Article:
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Lesson Plan

Viking Voyagers: Navigating Online Content Area Reading

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Viking Voyagers: Navigating Online Content Area Reading

Grades 6 – 8
Lesson Plan Type Standard Lesson
Estimated Time Four 40- to 60-minute sessions
Lesson Author

Kathleen Smyth

Philadelphia, Pennsylvania


International Literacy Association


Student Objectives

Session 1

Session 2

Session 3

Session 4


Student Assessment/Reflections



Students will

  • Practice critical reading skills in a content area subject by answering questions before, during, and after they read

  • Practice research skills by navigating websites, scanning for relevant information, and recording that information in a graphic organizer

  • Access background knowledge using a prereading questionnaire and demonstrate comprehension by using the same questionnaire after reading

  • Practice working collaboratively to complete research and answer questions

  • Analyze their own decisions by completing a chart while they participate in an online game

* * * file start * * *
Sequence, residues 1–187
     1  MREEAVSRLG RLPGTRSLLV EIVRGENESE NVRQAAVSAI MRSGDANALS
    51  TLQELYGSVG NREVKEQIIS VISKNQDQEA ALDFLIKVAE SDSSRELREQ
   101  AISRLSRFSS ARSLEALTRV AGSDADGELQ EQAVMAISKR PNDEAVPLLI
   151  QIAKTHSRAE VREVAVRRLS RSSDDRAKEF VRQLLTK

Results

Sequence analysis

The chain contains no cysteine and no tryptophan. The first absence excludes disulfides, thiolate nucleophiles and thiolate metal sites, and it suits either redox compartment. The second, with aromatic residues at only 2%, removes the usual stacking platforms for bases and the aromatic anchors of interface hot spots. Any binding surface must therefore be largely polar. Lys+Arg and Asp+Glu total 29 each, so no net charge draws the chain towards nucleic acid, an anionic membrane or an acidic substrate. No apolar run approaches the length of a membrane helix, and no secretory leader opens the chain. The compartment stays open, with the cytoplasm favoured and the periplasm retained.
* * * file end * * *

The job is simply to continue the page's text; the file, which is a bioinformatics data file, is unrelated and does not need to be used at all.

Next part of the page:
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Session 1

1. Set the purpose for reading by explaining to students that they will be studying the Vikings. Tell them they will demonstrate what they already know about the Vikings; clear any misconceptions they might have; and apply what they learn through questionnaires, an inquiry chart, and by playing a game.

2. Write the words The Vikings on the board or a sheet of chart paper. Ask students if they know who the Vikings are. What do they know about them? Conduct a brief discussion; you may choose to list students' responses on the board. Mention the key facts you jotted down (see Preparation, Step 1).

3. Explain that everyone comes to new topics with different amounts of background knowledge and that they will be completing a questionnaire to assess what they know about the Vikings. They should answer every question on the list, even if they are unsure of the answer.

4. Students should complete the Pre column of the Pre- and Postreading Questionnaire independently.